‘Kay. I’m not seriously asking. Anyway, there was this thing over at this blog here about something I’ve previously complained about, about this way people have of treating Hitler as some kind of alien, inexplicable ‘ultimate evil’, and I answered.

(… oh, and geez, but I’m sick, right now, by the way. Don’t even ask. Why am I writing this stuff, you ask? Because I’m stupid, that’s why. Anyway… My answer, slightly cleaned up, edited, below…)

I think I’ve had roughly the same thought.

My phrasing of it would be: there’s a tendency to treat Hitler like some kind of alien, essential evil, a dark force from beyond somehow apart from the human species, like that cloud of evil in the old Star Trek series that the script claimed was somehow responsible for (or was) Jack the Ripper… free floating, a thing apart, came from nowhere…

And nothing could be further from the truth.

First, antisemitism had a long history prior to National Socialism’s use of the Jews as a scapegoat. Google ‘marranos’ and ‘inquisition’, if it’s even necessary, for previous, well-documented examples, and just the beginnings of a glimpse at the whole, long tapestry. The Nazis are properly understood in context as a continuation of this same phenomenon. They did not come from nowhere, not at all.

Second, the general themes the Nazis used, fusing nationalism and notions of racial purity and superiority and ruling the world as a divinely-ordained/fatalistically inevitable necessity that must be brought to fruition, these, too, existed before and after. The general concept of making nationalism itself a sort of cult and/or welding it to a sort of romantic religious sentiment, again, is probably almost as old as are nation states themselves. Go back to ancient Egypt, one of the first, even, and you find the pharaohs wrapping themselves in a similar mystique. And countless empires have insisted it’s their right, their obligation, their duty to rule their racial ‘lessers’ in the hinterland.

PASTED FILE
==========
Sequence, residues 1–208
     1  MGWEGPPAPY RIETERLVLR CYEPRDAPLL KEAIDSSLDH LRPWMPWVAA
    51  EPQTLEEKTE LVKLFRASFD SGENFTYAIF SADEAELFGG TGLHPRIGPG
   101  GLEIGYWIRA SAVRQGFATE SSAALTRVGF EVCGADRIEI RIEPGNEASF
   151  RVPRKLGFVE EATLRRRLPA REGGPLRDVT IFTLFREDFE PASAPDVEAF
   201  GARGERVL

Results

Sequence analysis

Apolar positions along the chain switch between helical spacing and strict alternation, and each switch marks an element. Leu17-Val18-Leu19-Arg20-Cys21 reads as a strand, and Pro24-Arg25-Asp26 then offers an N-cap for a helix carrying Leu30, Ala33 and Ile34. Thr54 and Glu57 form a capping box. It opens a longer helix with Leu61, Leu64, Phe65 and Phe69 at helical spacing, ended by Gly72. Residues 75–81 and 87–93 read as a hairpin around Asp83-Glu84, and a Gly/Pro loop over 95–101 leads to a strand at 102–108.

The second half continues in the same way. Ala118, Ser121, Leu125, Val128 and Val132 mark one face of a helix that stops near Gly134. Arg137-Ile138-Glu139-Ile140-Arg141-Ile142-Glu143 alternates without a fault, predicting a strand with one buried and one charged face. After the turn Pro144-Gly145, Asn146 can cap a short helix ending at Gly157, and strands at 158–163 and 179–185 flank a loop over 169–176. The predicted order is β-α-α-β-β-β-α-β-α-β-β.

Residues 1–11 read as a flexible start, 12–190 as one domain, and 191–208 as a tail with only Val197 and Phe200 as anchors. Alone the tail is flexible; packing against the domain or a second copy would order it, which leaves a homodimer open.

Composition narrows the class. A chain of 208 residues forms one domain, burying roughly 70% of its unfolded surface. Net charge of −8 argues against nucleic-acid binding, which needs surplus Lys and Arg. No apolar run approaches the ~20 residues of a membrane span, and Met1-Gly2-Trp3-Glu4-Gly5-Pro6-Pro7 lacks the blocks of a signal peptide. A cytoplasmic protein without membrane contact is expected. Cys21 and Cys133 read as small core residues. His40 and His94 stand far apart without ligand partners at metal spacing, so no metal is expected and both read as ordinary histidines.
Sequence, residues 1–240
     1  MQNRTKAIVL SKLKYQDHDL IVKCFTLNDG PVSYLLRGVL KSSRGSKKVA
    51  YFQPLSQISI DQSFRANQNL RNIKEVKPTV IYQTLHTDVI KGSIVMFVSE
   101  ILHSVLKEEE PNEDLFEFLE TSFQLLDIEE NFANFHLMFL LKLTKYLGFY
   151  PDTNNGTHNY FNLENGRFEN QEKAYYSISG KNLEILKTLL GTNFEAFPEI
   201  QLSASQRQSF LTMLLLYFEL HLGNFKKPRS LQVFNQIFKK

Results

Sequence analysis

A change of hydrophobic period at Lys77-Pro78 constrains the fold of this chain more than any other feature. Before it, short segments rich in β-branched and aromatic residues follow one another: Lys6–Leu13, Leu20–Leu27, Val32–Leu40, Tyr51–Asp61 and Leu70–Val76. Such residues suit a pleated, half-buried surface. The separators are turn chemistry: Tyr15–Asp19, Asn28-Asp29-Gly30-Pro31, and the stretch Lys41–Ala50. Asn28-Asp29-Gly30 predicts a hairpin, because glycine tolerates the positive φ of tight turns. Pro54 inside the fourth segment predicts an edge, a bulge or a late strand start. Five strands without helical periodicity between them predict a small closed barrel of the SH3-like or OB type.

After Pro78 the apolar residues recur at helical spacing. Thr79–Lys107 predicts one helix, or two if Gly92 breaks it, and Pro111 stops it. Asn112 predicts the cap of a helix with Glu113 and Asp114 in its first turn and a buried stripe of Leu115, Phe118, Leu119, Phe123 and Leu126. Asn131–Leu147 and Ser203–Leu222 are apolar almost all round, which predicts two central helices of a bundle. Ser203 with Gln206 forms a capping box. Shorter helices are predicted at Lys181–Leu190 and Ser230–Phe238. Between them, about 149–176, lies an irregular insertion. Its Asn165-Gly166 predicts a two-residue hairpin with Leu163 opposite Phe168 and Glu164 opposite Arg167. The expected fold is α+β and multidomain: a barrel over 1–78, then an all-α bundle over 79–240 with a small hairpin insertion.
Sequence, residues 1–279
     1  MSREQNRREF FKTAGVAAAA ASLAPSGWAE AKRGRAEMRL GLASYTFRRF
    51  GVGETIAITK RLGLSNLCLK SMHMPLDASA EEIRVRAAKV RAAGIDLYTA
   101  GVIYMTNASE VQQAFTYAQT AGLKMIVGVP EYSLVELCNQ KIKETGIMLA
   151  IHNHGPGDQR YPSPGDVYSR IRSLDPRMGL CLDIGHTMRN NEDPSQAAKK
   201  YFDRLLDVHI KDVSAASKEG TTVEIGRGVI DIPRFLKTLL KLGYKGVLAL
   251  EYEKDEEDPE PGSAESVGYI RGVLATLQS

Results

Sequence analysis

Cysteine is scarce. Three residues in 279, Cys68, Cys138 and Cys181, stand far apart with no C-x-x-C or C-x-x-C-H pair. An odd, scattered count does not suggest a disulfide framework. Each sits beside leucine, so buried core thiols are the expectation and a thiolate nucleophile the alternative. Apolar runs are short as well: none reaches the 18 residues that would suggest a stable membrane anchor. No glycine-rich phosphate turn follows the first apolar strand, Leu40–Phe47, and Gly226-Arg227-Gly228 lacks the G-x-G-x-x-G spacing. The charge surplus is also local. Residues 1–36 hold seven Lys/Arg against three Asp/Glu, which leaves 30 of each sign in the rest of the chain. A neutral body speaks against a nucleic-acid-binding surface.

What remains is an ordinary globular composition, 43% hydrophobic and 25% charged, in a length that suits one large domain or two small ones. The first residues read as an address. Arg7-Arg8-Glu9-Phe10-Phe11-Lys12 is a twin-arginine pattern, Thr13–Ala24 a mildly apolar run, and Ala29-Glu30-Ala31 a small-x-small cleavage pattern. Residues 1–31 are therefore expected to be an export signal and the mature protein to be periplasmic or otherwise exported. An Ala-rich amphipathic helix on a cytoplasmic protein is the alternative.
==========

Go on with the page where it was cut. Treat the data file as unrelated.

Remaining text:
Third, charismatic demagogues are likewise a dime a dozen over the long stretches of history, and their finding their way to positions of power, finding a scapegoat with which to drive their popularity, is nothing new, nor is the general phenomena at all retired, as yet.

Fourth: the general sociological and psychological means by which the Nazis rose to power and acquired assistants in the bloodletting they performed are likewise not unprecedented, not some unique vulnerability of the Germans of the 30s and 40s. We know the ‘just following orders’ effect is replicable, and there are torturers working for governments around the world, today.

Note also that: WWII is, in numerical terms, generally taken to be the largest bloodletting in human history, but this is in part probably due to the combination of the relative density of the populations among which it occurred being larger, and the technological means of warfare and mass murder within the civilian population reaching the point where it became possible. There are other conflicts that do start to give some competition, when you take them as a proportion of the population, at least.

… that last is really just a ‘by the way’, however. The real danger in treating Hitler as some kind of alien outlier is in forgetting these essential facts above it, those numbered one through four (among others).

And we forget them at our peril, because, yes, all of this can happen again. Understanding in real, human terms how it did, recognizing in ourselves the same tendencies is vital, for this reason. It doesn’t necessarily prevent it. But it gives us the best shot at doing so we have.

ETA: Eamon notes in the comments he’s had much the same thought.